3. The brassieres are undoubtedly undergarments falling with the description 'Articles of ready-to-wear apparel (known commercially as ready made garments) including undergarments' and hence excise duty will be leviable in respect of them, if, in relation to their manufacture, any process is ordinarily carried on with the aid of power.

4. The process employed in the petitioner's factory for the manufacture of brassieres has been explained as follows in Ext. P 1 :-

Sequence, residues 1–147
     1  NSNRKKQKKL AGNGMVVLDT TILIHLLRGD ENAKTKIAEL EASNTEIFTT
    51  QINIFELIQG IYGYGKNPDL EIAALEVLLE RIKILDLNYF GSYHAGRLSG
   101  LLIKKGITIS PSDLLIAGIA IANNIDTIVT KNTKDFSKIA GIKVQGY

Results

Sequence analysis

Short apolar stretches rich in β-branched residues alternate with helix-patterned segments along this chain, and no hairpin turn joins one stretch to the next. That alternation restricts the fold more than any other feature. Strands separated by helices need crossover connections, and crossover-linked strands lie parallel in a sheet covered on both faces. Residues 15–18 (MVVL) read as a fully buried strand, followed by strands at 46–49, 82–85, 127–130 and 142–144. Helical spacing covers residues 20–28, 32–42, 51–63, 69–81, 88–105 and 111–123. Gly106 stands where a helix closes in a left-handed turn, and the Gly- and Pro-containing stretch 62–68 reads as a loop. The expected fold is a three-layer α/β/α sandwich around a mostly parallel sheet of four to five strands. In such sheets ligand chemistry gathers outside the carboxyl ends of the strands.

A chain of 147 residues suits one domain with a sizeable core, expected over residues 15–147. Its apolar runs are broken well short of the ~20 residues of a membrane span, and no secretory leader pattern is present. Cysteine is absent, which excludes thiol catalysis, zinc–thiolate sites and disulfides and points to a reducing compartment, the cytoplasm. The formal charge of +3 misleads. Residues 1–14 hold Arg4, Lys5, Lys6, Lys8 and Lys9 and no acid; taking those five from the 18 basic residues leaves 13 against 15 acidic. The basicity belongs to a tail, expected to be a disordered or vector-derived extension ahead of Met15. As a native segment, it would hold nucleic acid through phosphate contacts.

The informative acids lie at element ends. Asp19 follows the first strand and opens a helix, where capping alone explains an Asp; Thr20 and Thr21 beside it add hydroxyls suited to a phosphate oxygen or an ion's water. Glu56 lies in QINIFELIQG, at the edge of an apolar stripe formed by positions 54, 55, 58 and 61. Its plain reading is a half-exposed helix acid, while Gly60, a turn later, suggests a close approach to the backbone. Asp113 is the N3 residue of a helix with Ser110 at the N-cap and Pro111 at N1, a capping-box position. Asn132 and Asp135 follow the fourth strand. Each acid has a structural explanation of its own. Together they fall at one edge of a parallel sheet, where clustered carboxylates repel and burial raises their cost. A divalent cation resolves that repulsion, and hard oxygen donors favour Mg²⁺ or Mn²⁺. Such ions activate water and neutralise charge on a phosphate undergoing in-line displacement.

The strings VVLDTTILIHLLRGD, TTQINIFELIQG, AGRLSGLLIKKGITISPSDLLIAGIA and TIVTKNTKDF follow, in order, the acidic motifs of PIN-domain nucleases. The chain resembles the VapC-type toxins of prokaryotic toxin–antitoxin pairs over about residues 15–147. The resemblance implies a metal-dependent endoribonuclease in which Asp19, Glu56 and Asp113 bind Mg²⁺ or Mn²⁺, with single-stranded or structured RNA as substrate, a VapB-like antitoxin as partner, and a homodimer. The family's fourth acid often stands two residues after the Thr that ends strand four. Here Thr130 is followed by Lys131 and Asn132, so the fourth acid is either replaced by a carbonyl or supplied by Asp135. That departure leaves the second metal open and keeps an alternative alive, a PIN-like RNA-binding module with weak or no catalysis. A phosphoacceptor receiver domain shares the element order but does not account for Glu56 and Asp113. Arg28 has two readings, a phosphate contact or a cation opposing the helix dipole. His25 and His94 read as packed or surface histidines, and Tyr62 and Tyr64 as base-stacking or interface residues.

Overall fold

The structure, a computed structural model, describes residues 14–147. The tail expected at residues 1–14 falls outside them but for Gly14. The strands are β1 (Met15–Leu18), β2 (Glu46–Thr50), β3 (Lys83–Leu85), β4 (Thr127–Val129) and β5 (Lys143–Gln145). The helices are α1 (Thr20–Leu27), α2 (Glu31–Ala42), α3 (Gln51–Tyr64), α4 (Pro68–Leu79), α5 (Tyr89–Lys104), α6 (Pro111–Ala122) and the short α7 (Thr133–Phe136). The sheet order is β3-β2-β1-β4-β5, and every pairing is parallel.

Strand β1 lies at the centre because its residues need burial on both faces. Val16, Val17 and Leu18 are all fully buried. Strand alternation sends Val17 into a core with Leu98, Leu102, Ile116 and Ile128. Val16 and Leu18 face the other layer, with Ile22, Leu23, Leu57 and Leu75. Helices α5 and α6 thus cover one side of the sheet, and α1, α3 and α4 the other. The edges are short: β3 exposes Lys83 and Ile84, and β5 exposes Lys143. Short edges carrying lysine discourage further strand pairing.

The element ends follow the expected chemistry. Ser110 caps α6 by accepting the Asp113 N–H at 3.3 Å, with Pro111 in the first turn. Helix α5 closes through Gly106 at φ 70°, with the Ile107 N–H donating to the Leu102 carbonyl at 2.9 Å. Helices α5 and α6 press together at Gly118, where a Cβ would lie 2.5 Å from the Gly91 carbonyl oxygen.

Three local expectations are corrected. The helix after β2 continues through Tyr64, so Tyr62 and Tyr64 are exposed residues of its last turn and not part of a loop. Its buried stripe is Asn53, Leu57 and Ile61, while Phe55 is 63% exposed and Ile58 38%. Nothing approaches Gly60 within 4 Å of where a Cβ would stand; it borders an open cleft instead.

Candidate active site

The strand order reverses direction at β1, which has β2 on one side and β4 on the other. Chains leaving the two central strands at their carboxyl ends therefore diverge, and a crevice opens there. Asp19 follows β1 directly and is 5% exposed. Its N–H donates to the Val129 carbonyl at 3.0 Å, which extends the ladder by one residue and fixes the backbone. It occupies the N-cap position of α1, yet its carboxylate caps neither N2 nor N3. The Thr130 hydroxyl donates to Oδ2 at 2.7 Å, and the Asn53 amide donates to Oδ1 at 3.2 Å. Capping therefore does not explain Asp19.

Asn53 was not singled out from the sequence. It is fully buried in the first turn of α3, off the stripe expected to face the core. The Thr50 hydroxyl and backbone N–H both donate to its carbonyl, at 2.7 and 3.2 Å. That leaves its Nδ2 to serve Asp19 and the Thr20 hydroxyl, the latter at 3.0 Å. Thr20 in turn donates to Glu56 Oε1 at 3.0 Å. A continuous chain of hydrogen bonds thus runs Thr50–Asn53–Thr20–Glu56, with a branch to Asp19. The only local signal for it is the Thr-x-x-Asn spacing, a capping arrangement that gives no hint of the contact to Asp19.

'We manufacture brassieres. We started manufacturing this ready-to-wear apparel in 1964. We have a factory in Pattikkara Street, Palghat with 9 sewing machines where these brassieres are stiched. Cutting is done in our premises in Market Road, Palghat. After cutting to sizes the cloth, tape, elastics and label are given to the workers in the factory who return the finished brassieres to us. The cloth, tape, elastics and label are also distributed to about 30 outworkers who stich them in their houses and return the finished brassieres to our premises in Market Road, Palghat. These finished brassieres are ironed with electric iron in our premises in Market Road and then It is packed in card board boxes.'